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What happens when a climate scientist, a neuroscientist and an economist offer a portal into the future as they see it? Professor James Renwick (weather and climate researcher), Dr Hannah Critchlow (author of The Science of Fate) and Kinley Salmon (author of Jobs, Robots & Us) deliver the second in our series of Three Short Lectures commissioned by New Zealand Festival of the Arts. Hosted by futurist, Melissa Clarke-Reynolds.

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Dr Hannah Critchlow

United Kingdom

Science Communicator

Dr Hannah Critchlow is the Science Outreach Fellow at Magdalene College, University of Cambridge, and has been named a Top 100 UK Scientist by the Science Council for her work in science communication. Mentioned by Nature magazine as a rising star in the life sciences in 2019, she is listed as one of the University of Cambridge's 'inspirational and successful women in science' and appears regularly on TV, radio and at festivals to discuss and explore the brain.

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Kinley Salmon

Aotearoa / New Zealand

Writer and Economist

New Zealander Kinley Salmon was born and grew up in Nelson and now works as an economist in Washington D.C. He previously worked as a consultant at McKinsey and Company and has written for The Economist. Kinley holds a Master's in Public Administration in International Development from the Kennedy School of Government at Harvard University as well as a Graduate Diploma in Economics and a BA in Social and Political Sciences from the University of Cambridge.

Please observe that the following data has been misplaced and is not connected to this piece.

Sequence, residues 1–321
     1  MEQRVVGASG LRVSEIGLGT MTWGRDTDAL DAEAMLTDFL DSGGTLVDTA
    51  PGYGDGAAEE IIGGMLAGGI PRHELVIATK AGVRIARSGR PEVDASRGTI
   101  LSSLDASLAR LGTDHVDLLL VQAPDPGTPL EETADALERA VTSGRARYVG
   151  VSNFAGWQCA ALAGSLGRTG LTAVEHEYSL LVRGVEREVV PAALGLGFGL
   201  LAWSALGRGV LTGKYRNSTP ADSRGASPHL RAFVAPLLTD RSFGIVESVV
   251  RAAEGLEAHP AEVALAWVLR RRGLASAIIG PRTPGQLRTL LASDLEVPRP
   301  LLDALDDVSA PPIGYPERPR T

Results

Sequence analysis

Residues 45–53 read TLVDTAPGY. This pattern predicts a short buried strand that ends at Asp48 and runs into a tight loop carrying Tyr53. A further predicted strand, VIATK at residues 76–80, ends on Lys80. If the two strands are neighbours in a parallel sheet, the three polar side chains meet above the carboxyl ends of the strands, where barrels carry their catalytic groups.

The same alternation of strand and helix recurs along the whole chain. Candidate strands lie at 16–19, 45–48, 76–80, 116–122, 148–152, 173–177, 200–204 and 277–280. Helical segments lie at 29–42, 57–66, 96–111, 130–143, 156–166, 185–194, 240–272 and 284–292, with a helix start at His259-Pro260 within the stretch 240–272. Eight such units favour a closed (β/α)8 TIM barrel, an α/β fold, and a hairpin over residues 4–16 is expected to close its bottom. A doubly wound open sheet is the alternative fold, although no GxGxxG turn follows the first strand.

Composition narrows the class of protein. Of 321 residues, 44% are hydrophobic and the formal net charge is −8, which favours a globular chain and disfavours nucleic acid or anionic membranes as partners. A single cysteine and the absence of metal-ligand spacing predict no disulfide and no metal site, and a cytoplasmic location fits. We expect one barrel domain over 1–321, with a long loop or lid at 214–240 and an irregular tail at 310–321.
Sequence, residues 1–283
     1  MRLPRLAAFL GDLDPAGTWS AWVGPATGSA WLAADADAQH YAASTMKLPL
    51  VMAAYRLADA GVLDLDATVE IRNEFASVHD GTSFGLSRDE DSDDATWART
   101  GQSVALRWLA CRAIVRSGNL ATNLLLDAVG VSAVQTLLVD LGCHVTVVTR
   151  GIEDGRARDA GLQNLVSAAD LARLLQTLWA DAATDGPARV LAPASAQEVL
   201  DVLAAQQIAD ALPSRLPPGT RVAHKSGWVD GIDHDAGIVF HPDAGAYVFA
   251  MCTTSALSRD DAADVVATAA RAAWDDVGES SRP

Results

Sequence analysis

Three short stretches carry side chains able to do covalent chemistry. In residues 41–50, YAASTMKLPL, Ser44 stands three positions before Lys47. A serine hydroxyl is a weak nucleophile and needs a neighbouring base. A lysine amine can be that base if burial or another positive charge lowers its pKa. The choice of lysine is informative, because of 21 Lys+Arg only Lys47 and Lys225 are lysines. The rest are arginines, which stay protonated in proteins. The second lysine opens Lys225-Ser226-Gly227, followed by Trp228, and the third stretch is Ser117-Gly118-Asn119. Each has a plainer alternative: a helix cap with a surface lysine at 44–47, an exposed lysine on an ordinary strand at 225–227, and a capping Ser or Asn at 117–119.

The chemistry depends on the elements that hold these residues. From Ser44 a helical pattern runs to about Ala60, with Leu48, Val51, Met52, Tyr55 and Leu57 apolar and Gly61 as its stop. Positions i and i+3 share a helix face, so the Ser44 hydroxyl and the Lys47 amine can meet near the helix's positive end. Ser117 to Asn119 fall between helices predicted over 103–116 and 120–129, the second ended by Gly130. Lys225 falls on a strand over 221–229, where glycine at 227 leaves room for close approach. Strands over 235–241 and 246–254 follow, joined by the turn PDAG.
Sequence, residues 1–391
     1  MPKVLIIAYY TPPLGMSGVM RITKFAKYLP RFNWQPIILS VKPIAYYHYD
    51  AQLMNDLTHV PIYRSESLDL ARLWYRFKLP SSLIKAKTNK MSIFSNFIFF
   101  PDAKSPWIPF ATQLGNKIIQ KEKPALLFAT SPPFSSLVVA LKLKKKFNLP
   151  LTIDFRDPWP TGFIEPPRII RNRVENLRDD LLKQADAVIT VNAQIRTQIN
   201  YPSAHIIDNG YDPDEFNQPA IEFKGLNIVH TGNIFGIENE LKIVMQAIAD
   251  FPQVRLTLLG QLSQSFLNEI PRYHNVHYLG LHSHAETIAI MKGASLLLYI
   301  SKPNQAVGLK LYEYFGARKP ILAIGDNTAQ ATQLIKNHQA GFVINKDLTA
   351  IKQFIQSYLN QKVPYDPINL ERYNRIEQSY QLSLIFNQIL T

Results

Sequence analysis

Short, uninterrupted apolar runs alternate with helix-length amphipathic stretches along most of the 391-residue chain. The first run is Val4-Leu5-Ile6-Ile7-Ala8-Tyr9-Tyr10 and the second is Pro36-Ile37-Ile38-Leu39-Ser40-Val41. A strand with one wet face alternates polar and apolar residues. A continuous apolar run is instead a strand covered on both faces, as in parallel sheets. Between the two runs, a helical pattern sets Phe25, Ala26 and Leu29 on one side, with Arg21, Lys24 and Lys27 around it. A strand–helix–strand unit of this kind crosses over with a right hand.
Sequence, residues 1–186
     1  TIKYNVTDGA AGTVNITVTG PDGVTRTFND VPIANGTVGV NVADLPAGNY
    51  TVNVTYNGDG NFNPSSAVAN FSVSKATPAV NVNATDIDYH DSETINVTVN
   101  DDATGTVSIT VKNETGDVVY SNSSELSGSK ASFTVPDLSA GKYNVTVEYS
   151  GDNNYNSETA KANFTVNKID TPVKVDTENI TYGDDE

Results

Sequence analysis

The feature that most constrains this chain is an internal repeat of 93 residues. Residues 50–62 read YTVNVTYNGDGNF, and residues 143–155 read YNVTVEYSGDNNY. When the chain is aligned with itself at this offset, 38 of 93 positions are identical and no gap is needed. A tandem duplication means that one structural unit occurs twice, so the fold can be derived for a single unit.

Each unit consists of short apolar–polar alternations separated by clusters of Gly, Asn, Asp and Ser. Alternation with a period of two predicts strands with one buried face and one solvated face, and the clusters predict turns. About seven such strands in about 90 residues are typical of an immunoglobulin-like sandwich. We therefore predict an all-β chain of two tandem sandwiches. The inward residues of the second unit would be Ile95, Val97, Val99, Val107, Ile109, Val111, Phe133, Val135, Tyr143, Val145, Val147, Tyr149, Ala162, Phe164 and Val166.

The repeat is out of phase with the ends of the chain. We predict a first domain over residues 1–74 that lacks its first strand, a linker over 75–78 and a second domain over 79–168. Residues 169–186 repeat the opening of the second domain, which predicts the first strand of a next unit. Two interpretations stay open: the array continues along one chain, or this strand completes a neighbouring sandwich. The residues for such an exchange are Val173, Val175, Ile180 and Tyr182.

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Melissa Clarke-Reynolds

Aotearoa / New Zealand


Melissa Clark Reynolds ONZM, ChMInstD became a Foresight Practitioner and Professional Director after 25 years experience as a technology entrepreneur and CEO of a number of Technology companies. She is a Deputy Chair of Radio NZ, and sits on the Boards of Jasmax, Kiwi Insurance and Beef and Lamb NZ Ltd. In 2016 trained as a Foresight Practitioner with The Institute for the Future in Palo Alto, and founded Melissa keeps bees, loves to swim in the sea and reads voraciously.

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Professor James Renwick

Aotearoa / New Zealand

Climate Scientist

James has nearly four decades’ experience in weather and climate research. His main field is large-scale climate variability and climate change, including the El Niño-Southern Oscillation cycle, the Southern Hemisphere westerly winds, and the impacts of climate variability and change on the Pacific, New Zealand and the Antarctic. James was a lead author for the last two Assessment Reports of the Intergovernmental Panel on Climate Change (IPCC), and is a Coordinating Lead Author for the new 6th IPCC Assessment. He was recently awarded the Prime Minister’s 2018 prize for Science Communication.


Renouf Foyer, Michael Fowler Centre

  • Wheelchair Access Symbol.png Wheelchair accessible
Duration: 1hr

Aotearoa International Science Writers
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